A journey to a spiritual place can rejuvenate the soul.
Whether it's a visit to a shrine, a monastery or a holy city, those who have made pilgrimages to places they consider sacred say the trips give them peace and strengthen them to encounter the circumstances of life.
People from various faiths will share the value of such journeys at the 2009 Matter of Faith Summer Series to be held at 7 p.m. the four Tuesdays in July. The annual series is sponsored by the Interfaith Committee of the Ecumenical Conference of Greater Altoona.
(Mirror photo by J.D. Cavrich) Pastor Jennett Wertz walks the labyrinth with Jacob Baney at Garden Heights United Methodist Church. Once a walker reaches the center, he or she may take the opportunity to meditate or pray. People who attend the first session of the Matter of Faith Summer Series, sponsored by the Interfaith Committee of the Ecumenical Conference of Greater Altoona, will be invited to walk the labyrinth Tuesday. It also will be open to anyone during the month of July.
Susanna Tomlinson, president of the conference, said the faith summer series began after Sept. 11, 2001, to education residents about faiths different than their own and to dispel fears.
"People think we are so different. We are a lot more alike than we are different," Tomlinson said. The series helps residents to see those similarities, she said.
The theme is Pilgrimage and Holy Places.
The idea of seeking new places, new relationships and new understanding is key in all three Abrahamic faiths," said Cindy Baney of the ecumenical conference.
"God's call to Abram to 'Leave your native land and go to a country that I will show you' is the beginning of the journey - both literally and spiritually. Abram's act of faith has set the stage for generations of pilgrims. The pilgrimage may be literally a journey to a holy place of history or it may be an internal journey of insights and faith," she said.
Pilgrimages to holy places by the Jewish, Christian and Islamic faith will be highlighted.
The first session will be held at Garden Heights United Methodist Church, 109 Bellview St., where Pastor Jennett Wertz will facilitate a panel of presenters who will speak about the significance of the historical Jerusalem to the three Abrahamic faiths and portions of the PBS documentary "Jerusalem: Center of the World" will be shown.
Attendees at the first session also will experience a pilgrimage by walking the labyrinth outside Garden Heights church.
Wertz said that in the Catholic tradition if people could not make a pilgrimage to Jerusalem, they would walk the labyrinth as a substitute for the trip to the holy city.
The labyrinth, patterned after the one in Chartres, France, is a temporary one made from 800 feet of ribbon.
"The walk is meant to replicate life," Wertz said. "It has twists and turns, just as life's journey does," she said.
The labyrinth will be available to anyone who wants to walk it during July. Wertz said the way people walk the labyrinth is open to the individual.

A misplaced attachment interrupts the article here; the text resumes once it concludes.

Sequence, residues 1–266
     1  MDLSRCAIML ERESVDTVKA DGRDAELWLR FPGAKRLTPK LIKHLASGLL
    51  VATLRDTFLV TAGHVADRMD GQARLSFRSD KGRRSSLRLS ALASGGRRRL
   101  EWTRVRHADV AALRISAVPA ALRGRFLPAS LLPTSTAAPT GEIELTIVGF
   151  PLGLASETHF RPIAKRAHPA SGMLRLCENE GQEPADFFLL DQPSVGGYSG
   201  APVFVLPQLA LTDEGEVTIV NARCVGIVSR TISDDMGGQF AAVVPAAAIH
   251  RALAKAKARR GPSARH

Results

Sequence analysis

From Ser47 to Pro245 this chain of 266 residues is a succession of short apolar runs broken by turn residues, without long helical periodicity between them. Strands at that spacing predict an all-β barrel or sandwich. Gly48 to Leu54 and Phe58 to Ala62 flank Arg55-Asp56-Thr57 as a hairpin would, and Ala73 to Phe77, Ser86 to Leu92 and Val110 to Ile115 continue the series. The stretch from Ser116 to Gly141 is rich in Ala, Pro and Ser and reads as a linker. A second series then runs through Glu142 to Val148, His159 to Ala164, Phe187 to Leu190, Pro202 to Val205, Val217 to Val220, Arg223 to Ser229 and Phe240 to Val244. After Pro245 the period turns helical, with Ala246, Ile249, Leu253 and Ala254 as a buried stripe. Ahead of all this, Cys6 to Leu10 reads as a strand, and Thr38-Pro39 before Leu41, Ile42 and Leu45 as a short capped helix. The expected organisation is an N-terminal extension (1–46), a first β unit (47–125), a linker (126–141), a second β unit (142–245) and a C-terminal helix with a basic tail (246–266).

"Some people pray, some meditate and others seem to be attentive to what's on the ground," she said.
Wertz said the walker does not have to think about where he or she is going.
"The path leads you in, and the same path takes you back into the world," she said.
"As you walk it, you release what you carried in, and when you get to the center, you rest. When you walk out, you visualize yourself invigorated," she said.
Although pilgrimages end up being refreshing, the process can be spiritually exhausting, said Father Stephen Lourie, pastor of St. George Orthodox Church. He is one of the speakers for the second session to be held at Agudath Achim Synagogue, 1306 17th St.
Lourie will speak about monasteries in Alaska and Arizona where he has been on pilgrimages.
Lourie said much of the retreat consists of praying and attending services. He said a pilgrimage is "extremely beneficial" and can bring peace to the participant.
"It's a holy place and all the people are there for the same purpose. You can relax and think and go places in the spirit that you might not be able to go to at home," he said.
The Rev. Mark Begly, pastor at St. John's Catholic Church in Lakemont, will share photos and reflections on his recent pilgrimage to Turkey and key biblical sites for Christians at the same session.
Shamsa Anwar will talk about pilgrimage to another Middle Eastern country - Saudi Arabia - in the third session to be held July 21 in Room 150 of the Hawthorn Building at Penn State Altoona.
Anwar will share the importance of Mecca and Medina for Muslims. Each year millions of Muslims travel to Mecca to perform the centuries-old rituals of Hajj, an Islamic pilgrimage. Hajj is the fifth pillar of Islam and is mandatory for every able Muslim.
At the fourth session, Bishop Jere Cross of the Church of Jesus Christ of Latter-day Saints will talk about trips the Mormons make to the temple. It will be held July 28 at St. John the Evangelist Roman Catholic Church, 309 Lotz. Ave. He said members of the ward in Hollidaysburg who have Temple recommends go to the Washington, D.C., Temple once a month.
Cross said it is a time to "go to the house of the Lord and get out of the world." Everyone wears white temple clothes and is treated equally. "We focus what the heavenly Father wants us to do. We refocus on what's important in life," he said.
Cross said normally Latter-day Saints feel strengthened by a visit to the Temple and feel they can handle their world a little better.
Hazzan Michael Horwitz spiritual leader of Agudath Achim Congregation, and Bill Wallen, director of the Greater Altoona Jewish Federation, will talk about the Western Wall and and the significance of Jerusalem as a holy city for Jews.
They will explain the history, significance and customs associated with the land of Israel, including the pilgrimage festivals and the importan